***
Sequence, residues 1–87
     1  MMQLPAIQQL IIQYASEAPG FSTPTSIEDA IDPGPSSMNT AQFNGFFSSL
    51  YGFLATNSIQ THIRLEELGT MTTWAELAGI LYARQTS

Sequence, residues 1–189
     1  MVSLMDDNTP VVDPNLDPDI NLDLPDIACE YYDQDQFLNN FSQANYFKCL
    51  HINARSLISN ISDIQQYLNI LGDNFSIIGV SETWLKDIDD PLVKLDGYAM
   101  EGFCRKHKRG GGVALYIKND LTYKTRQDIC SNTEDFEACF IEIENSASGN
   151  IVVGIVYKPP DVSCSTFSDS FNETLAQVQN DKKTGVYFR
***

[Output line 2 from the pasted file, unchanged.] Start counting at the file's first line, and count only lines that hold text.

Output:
     1  MMQLPAIQQL IIQYASEAPG FSTPTSIEDA IDPGPSSMNT AQFNGFFSSL